Note: WELCOME all Fair cousins (and all fair cousins as well). I hope you’ll add your memories of Rhema and Earl and also hope you’ll poke around and find stuff about Daddy Guy Anderson, Vera Anderson, Telmar Anderson, and other ancestors we have in common. Make yourself known to me. Love to meet relatives. I’ll be sharing a recipe from Rhema in December.
Remembering Rhema Anderson Fair, (1901-1996), my aunt, she who made the gravy.
Rhema Anderson was the sour-looking little girl in the 1909 family picture.
In fact, she didn’t look very cheerful in other childhood pictures, like this one with her brother Telmar.
No wonder the little girl was a bit grouchy. Her mother died when she was 2 years old. When her father, Guy Anderson remarried a year later, she was sent to live with Franklin Anderson, Guy’s uncle. And when Rhema was eleven, Frank Anderson’s wife Sarah Jane died.
Although she had contact with her father, and briefly lived with him, she must have felt like something of an orphan. I hasten to add that Frank and his wife Sarah Jane who had no children of their own, made a warm home for the little girl. But maybe Rhema just wasn’t suited for farm and farm community life.
When she was 18, Rhema became Rhema Anderson Fair when she married Kenneth Earl Fair (1898-1994). They lived on his family farm in Clark Township, Holmes County, Ohio. Earl, who had 3 years of college, taught school in Clark, and that’s where my mother, Harriette Anderson, had her first teaching job.
While Rhema and Earl lived in Clark, they had two boys–their only children. Rhema’s affection for Franklin Anderson, the man who raised her, was expressed when she named her first son after him.
You can see in this picture how tiny Rhema was. Mother may be standing slightly uphill, but she was never more than 5’4″, so Rhema Anderson Fair is about five feet tall.
Some time around 1940, the Fair family moved to Kent, Ohio, Rhema took a job at Kent State University as a housemother at a dorm, and Earl finished his college education. (I assume he got free tuition since she worked at the University.) These two, who had always lived on a farm or in a small farming community, took to city life and the University milieu like they were made for it.
Earl went to work for one of the big rubber companies, and that’s where he worked until he retired, as Rhema climbed the administrative ladder at the University, winding up as head of Student Housing at Kent State University. She wasn’t just a good cook…it seemed to me was good at everything she touched.
She was intelligent and witty and cute, besides. She always had a beautiful home and she was one of my role models because like many of the women in our family, she had a career outside the home before it was a routine thing for women to do.
Always smartly dressed, and coiffed, she seemed to be a whirlwind of activity, known for her high heels clicking down the hallways, carrying the 5″2″ powerhouse around the campus. Since I had the same small feet that Rhema had, she used to send me shoes she tired of from her enormous collection, and bred a shoe collecting mania in her niece.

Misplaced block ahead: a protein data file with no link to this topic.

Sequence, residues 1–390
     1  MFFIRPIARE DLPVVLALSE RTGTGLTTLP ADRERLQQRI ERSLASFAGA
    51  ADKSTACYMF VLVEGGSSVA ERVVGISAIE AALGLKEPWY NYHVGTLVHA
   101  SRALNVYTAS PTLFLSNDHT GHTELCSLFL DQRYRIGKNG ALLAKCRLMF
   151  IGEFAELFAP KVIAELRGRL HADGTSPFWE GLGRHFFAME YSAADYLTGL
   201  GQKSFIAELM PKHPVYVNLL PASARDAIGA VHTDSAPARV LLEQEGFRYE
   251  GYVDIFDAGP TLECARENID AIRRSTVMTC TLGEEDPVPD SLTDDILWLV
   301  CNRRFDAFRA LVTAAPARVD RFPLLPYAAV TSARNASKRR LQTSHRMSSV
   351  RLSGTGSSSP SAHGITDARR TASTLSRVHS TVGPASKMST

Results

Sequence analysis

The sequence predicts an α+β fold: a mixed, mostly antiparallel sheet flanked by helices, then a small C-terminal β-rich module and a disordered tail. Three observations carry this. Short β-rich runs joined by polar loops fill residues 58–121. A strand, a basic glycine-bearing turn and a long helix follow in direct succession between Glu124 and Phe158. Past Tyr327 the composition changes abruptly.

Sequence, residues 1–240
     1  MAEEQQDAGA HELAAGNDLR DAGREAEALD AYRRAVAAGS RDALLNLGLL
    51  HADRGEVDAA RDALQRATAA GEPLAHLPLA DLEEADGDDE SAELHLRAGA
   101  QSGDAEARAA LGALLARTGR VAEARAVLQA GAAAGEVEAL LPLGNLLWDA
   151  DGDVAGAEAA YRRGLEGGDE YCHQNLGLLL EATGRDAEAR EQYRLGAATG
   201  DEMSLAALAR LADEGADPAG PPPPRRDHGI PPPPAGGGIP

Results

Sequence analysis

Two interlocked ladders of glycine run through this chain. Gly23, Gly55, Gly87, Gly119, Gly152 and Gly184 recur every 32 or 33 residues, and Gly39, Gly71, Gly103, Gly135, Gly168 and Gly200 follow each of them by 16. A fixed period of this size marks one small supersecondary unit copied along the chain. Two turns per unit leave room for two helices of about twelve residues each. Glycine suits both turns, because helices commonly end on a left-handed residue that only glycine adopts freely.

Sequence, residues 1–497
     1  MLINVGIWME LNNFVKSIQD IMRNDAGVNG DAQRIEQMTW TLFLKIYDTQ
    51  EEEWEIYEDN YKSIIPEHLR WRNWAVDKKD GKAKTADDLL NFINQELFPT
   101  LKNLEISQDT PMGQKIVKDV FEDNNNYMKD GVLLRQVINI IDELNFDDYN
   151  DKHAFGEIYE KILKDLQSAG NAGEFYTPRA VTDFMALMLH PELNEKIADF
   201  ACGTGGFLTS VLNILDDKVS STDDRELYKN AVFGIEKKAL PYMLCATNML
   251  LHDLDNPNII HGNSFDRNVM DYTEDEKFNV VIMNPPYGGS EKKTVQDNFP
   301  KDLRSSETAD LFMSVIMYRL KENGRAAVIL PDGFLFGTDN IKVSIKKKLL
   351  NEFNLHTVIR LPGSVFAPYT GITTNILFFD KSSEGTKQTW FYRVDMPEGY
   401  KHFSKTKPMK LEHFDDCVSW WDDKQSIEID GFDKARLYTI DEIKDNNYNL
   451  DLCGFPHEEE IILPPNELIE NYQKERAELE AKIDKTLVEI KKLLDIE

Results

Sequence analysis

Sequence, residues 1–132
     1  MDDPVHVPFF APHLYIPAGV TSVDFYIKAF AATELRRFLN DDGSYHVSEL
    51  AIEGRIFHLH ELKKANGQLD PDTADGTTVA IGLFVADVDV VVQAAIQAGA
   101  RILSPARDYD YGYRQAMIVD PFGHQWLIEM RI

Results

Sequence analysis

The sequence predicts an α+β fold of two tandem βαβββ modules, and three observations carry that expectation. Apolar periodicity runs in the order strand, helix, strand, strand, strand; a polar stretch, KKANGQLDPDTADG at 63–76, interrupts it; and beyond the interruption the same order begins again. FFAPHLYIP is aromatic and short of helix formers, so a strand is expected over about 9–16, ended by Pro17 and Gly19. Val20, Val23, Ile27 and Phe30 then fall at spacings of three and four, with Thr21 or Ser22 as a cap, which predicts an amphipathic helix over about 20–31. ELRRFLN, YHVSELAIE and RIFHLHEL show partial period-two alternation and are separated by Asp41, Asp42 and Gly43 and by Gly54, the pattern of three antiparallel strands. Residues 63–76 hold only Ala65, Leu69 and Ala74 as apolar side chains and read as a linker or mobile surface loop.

I remember one time proudly showing her everything in my closet, and she oohed and aahed over each dress and blouse, although in retrospect, it was not a very impressive collection. She sent me the BEST Christmas presents–always just perfect for me–a purse, a scarf–perfume. Maybe I was the girl she never had (she had two boys) and that’s why she enjoyed sharing girly fashion things with me.
Her sour look in her early pictures could not be further from the cheerful, laughing Aunt Rhema that I knew. I remember her as always interested in the person she was talking to, focusing her soft brown eyes on yours sympathetically. As a teenager, I felt that she understood me better than most adults. And maybe she did, since she worked with young people all the time.
When she and Earl retired, they left the lovely home they had built in Kent and moved to northern Arkansas where Earl could fish and swap yarns with the locals. They later lived with their son Frank and his wife Ruth in Pine Bluff, Arkansas.
Earl credited his long life to smoking cigars and drinking bourbon and branch water, and Rhema credited hers to keeping up with Earl. Their younger son, Dick, who died in 1968, at 43, did not have any children, but Frank made up for that. Rhema and Earl were very proud of their large family of grandchildren and great-grandchildren.
In December 1986 the family gathered in Pine Bluff for this picture.
Rhema wrote a chatty letter to her half-sister Harriette Kaser (my mother) along with the picture.
“How’s this for progeny. We even look sort of ‘smirky?’ But really aren’t they a good looking bunch?….Earl and I just ‘muddle’ along–We are well considering Earl is 89 yrs old and I will be 86 in July…”
She told where all the grandchildren and great-grandchildren are living and working and talked about some minor medical issues. But, really, hearing that Earl was 89 and Rhema is 86 made me look at the picture again. Really?? 89??
Rhema passed away in 1996 at the age of 96, two years after Earl, who also had lived to 96. Those are some genes to have in the family tree.
Oh, one more thing. In that letter to my mother that came with the picture. Rhema, known for giving fancy dinner parties and hobnobbing with the University set, says “I just made mush. Earl wants mush and sausage gravy for dinner.” There’s that gravy again. You can take the girl and boy out of the country, but you can’t take the country out of their cooking.